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What is breast cancer?

“Cancer” is the general name for a group of diseases that affect the body at a cellular level. Although there are many kinds of cancer, they all start because abnormal cells divide and grow out of control. These abnormal cellsCell:
The basic structural and functional unit of all organisms.
can lump together to form a mass of tissue called a tumourTumour:
An abnormal mass of tissue that occurs when cells divide more than they should or do not die when they should. Tumours may be benign (not cancer) or malignant (cancer). A tumour is also called a neoplasm.
. If the breast is the original (primary) location of a cancer growth or tumour, the condition is called breast cancer.

The breasts consist mainly of fatty tissue that contains thousands of tiny glands—or lobulesLobules:
Small glands in the breast that produce milk.
—whose function is to produce milk in a woman if she carries a pregnancy to term. They also contain mammary ductsDuct (mammary duct):
A hollow passage for gland secretions. There are ducts in the female and male breast.
, which transport milk from the lobules to the nipple.

Different types of breast cancer can occur in different tissues in the breast. Cancer that forms in the mammary ducts is called ductal carcinomaCarcinoma:
A malignant (cancerous) tumor that begins in the layer of cells that line the organs (called epithelial cells).
and is the most common type of breast cancer. When cancer occurs in the lobules, it is known as lobular carcinoma.

Breast cancer can also spread beyond the breast area if cells break off from the growth or tumour and travel through the blood stream or lymphatic systemLymphatic system:
A network of vessels that transports lymph fluid, a clear fluid that comes from your blood and bathes the tissues. It contains water, protein and minerals and white blood cells. The lymph passes through a series of filters, the lymph nodes, before rejoining the bloodstream.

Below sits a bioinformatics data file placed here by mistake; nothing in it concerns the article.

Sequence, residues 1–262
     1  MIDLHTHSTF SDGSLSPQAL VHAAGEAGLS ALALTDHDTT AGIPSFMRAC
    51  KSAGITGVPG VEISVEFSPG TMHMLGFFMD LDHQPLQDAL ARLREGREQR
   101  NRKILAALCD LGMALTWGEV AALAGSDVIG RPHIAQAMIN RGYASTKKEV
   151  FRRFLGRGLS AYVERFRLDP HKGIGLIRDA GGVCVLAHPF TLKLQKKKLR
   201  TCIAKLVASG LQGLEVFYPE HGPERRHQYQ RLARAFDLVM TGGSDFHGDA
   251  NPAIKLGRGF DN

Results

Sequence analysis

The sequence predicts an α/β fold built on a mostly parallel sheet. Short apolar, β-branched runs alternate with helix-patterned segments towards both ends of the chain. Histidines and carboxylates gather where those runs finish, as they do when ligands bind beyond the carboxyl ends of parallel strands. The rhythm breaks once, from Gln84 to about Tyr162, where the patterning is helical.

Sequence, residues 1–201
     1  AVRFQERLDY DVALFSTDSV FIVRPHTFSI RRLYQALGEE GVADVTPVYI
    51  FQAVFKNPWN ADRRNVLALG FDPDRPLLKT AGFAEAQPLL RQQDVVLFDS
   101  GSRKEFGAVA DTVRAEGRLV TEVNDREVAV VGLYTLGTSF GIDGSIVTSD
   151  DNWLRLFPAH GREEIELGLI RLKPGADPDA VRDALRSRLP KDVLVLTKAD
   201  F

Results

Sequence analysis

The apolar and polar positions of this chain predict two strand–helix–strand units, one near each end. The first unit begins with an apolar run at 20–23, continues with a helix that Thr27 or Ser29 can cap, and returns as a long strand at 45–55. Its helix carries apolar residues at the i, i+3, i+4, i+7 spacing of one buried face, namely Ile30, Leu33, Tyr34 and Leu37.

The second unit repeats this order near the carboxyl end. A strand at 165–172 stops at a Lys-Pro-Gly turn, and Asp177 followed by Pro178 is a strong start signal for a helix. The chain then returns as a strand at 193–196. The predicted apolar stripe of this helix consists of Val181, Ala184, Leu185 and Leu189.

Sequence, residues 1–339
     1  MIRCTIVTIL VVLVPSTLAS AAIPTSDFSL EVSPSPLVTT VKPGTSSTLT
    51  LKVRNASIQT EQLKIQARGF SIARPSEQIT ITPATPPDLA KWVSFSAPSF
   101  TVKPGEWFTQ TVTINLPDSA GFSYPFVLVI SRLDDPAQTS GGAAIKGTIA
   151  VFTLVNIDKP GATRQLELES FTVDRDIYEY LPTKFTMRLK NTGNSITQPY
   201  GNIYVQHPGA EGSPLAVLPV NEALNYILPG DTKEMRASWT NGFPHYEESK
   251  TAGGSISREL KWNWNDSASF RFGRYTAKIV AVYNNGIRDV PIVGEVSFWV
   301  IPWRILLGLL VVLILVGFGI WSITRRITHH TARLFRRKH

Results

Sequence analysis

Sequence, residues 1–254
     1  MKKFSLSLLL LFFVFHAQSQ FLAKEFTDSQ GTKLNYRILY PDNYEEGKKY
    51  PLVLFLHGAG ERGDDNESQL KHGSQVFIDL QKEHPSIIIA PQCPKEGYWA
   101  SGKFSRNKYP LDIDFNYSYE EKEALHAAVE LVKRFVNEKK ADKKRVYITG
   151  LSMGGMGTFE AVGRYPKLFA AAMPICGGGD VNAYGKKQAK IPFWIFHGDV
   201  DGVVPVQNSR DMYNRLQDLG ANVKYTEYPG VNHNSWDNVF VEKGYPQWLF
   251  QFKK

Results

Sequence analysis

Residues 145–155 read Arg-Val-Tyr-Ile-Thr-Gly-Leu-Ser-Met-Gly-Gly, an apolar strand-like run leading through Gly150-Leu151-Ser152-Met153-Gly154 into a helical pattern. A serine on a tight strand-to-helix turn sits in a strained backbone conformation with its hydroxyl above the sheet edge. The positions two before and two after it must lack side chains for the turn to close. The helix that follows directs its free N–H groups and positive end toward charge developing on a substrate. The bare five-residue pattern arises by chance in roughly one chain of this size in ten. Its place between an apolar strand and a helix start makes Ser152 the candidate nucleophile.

to other parts of the body. This condition is called metastaticMetastatic (metastases):
The spread of cancer from its original (primary) location to another part of the body. A tumour that is formed by cancer cells that have spread to another part of the body is called a “metastatic tumour” or a “metastasis.”
breast cancer.

Breast cancer is a complex disease and there are many factors that play a role in its development.  Some of the factors that increase breast cancer risk we have more influence over, such as diet, alcohol use, and exposure to certain chemicals in the environment. Other factors we have less influence over, such as geneticGenetic:
Related to or caused by the genes.
Any change in the DNA sequence of a cell. Mutations can be harmful, beneficial, or have no effect. Certain mutations may lead to cancer or other diseases.
that we inherit from our parents. Scientific evidence suggests that a combination of factors, rather than a single cause, influences the development of breast cancer. Learn more about the possible causes of breast cancer.

More research is needed to understand better how risk factorsRisk factor:
Anything that increases a person’s chance of developing a disease, such as cancer.
work together to result in the cell changes that lead to breast cancer. Research helps to improve our knowledge of breast cancer, giving us a stronger understanding of breast cancer risk and ways to try to reduce the risk.

Be Breast Aware

It's quite normal for your breasts to differ slightly in shape, size, and the way they feel, and to change during your menstrual cycle, in pregnancy and as you age. Many of the most common breast changes are not signs of breast cancer.  Canadian Breast Cancer Foundation encourages you to be breast aware – know how your breasts normally look and feel so that you are able to discuss any changes with a health care provider.



American Cancer Society. What is Breast Cancer? Accessed May 29, 2014

National Cancer Institute. Understanding Cancer Series. Accessed May 29, 2014

Quebec Breast Cancer Foundation. What is breast cancer? Accessed May 29, 2014